Movie review: ‘Black Adam:’ Dwayne Johnson fights his own impulses in dour DC entry

In an alternate universe somewhere, Dwayne Johnson is thriving as a quirky, smirking superhero in the Marvel ranks. He’s on his third stand-alone film, has made cameos in a bunch of other movies, and is the smiling face of one of the biggest movie franchises on Earth. Things are great.

Here in reality, Dwayne Johnson is anchoring “Black Adam,” a second-tier member of rival DC Universe, which for whatever reason just can’t pull itself together. Black Adam is an antihero who doesn’t have any qualms about killing the way some superheroes do. In fact, he kind of prefers it.

So you’ve got Johnson, one of the most likeable movie stars on the planet, playing against type as a dour, rather unpleasant character who is unrecognizable to the majority of moviegoers. Things, they could be better.

It’s a credit to the lowered expectations of DC that “Black Adam,” while incoherent for large swaths of its runtime and tonally all over the place, isn’t a complete disaster. Johnson doesn’t do himself any favors by sanding down his natural charisma and burying it beneath a sullen persona. Surprisingly it’s Aldis Hodge, who plays winged superhero Hawkman, who takes advantage of the opportunity and steals “Black Adam” out from underneath its star.

Here’s a quickie on Black Adam: he’s a former slave in the city of Kahndaq who is reborn as a god. His powers — super strength, the ability to fly, the power to slow down time, the classics — are lost and/or gained by saying the word “Shazam,” and yes Shazam already has a place in the DC Universe (“Shazam” was a 2019 movie that made $366 million worldwide), but ignore all that, it’s not even mentioned here.*

(*Djimon Hounsou, who played the wizard Shazam, is seen here briefly, but Zachary Levi, who played the superhero Shazam and the face of the movie “Shazam,” is nowhere to be seen.)

When Black Adam — known here as Teth-Adam, which sounds a lot like Death Adam, which would be a way cooler name — is awakened and he starts killing off members of the military forces that are occupying Kahndaq, he becomes a hero to the citizens of the city, who prop him up as the People’s Champ. (Sound familiar?) But he’s too powerful to go unchecked, so the Justice Society, which is kind of like the Toledo Mudhens to the bigger, more powerful Justice League, is sent in to contain him.

The Justice Society, called into action by Amanda Waller (Viola Davis), consists of Hawkman, its leader; Atom Smasher (Noah Centineo); Cyclone (Quintessa Swindell); and Doctor Fate (Pierce Brosnan). So now in the story where we’re supposed to be getting to know Black Adam, we’re introduced to four additional superheroes. Got all that?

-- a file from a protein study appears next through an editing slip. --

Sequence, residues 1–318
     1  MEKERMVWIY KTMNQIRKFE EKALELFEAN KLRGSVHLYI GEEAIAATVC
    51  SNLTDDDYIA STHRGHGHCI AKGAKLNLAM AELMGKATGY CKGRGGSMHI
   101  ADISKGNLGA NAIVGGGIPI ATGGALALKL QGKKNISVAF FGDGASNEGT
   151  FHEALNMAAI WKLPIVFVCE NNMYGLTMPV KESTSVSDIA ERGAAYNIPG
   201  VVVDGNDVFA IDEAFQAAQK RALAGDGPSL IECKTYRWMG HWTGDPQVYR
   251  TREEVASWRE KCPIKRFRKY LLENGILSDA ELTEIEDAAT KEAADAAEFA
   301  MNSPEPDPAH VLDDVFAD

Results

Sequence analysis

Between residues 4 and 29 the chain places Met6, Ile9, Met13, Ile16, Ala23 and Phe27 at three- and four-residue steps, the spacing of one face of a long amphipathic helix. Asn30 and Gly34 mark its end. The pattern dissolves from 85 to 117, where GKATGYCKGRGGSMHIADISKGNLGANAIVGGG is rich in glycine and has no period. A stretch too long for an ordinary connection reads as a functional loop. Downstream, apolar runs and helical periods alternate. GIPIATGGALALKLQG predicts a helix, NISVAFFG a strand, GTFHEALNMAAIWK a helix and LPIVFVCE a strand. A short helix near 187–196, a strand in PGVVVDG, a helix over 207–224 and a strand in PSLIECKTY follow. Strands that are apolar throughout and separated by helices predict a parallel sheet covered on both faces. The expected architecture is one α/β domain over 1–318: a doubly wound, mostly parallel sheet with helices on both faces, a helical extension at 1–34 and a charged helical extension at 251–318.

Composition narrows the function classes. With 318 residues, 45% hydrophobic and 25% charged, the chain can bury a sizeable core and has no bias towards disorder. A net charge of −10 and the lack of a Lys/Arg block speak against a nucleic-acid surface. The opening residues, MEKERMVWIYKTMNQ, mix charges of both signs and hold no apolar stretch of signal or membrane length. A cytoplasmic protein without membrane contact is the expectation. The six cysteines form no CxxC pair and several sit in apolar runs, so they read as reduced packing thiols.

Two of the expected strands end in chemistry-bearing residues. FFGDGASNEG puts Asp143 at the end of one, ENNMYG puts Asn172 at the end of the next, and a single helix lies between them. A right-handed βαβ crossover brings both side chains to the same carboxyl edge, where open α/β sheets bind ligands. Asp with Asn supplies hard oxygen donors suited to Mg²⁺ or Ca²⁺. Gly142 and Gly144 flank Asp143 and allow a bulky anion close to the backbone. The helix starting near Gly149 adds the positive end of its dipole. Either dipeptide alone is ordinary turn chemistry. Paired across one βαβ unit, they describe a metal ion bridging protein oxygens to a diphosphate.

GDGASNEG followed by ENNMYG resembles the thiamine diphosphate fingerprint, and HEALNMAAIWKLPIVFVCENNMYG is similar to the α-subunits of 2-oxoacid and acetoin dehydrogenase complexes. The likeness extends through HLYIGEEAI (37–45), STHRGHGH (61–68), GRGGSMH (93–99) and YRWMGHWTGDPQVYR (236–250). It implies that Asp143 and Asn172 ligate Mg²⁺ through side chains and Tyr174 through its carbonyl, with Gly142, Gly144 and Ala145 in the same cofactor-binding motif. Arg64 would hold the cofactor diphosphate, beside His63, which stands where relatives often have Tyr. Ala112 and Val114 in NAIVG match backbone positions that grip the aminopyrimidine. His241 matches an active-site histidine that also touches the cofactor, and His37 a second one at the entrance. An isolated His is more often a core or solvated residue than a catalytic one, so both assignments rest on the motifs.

Luckily, those who don’t read comics or who aren’t well versed in the ups and downs of the DC Universe can draw quickie parallels between the Justice Society members and members of the MCU: Hawkman is a lot like Falcon; Atom Smasher has the ability to grow very big like Ant-Man; Cyclone has powers similar to the X-Men’s Storm; and Doctor Fate, let’s say, is not altogether dissimilar from Doctor Strange.

We also have Amon Tomaz (Bodhi Sabongui), a young superhero fan in Kahndaq whose room is plastered with images of Superman, Batman and the like, who comes to take on Teth-Adam/Black Adam as his own pet project and teaches him about the superhero industrial complex and the importance of catchphrases, the way a young Eddie Furlong taught Schwarzenegger’s reprogrammed Terminator in “T2.”

With all this busy plotting — there’s also a Council of Wizards, was that already mentioned? — it’s no wonder that a true villain doesn’t even emerge until the final stretch of the film, when hellbeast Sabbac (Marwan Kenzari) starts shooting blasts of fire from his chest.

Director Jaume Collet-Serra, who drove Johnson’s “Jungle Cruise” down the river (he also helmed a handful of Liam Neeson joints), is tasked with putting this all together, and making sense of a shifting tone that struggles to balance comic and serious moments and is never quite sure what to make of the figure at its center. Johnson’s stoic performance — you can feel him holding back his natural charm — may service the character as he’s rendered in the comics but it doesn’t serve the movie, and the guy comes off as sort of a drag.

In some ways “Black Adam” is better taken as an intro to the Justice Helpers, er, Society, and the talented Hodge (he played MC Ren in “Straight Outta Compton” and Jim Brown in “One Night in Miami”) emerges as a star. Hawkman stands his ground against Teth-Adam and his character establishes a clear moral center, and he’s the more interesting figure to follow going forward. Hopefully he gets his shot.

The music in “Black Adam” is all over the place — needle drops range from The Smashing Pumpkins to Kanye West to yacht-rock practitioners Player — which is indicative of the ways the movie is openly struggling, in real time, to find its way. The action here is serviceable and is never embarrassing, the way, say, “Aquaman” is. But it’s a long way from super, and galaxies away from the kinds of superheroes Johnson could be playing in a more perfect world.


Grade: 2 stars (out of 4)

MPAA rating: PG-13 (for sequences of strong violence, intense action and some language)

Running time: 2:04

How to watch: In theaters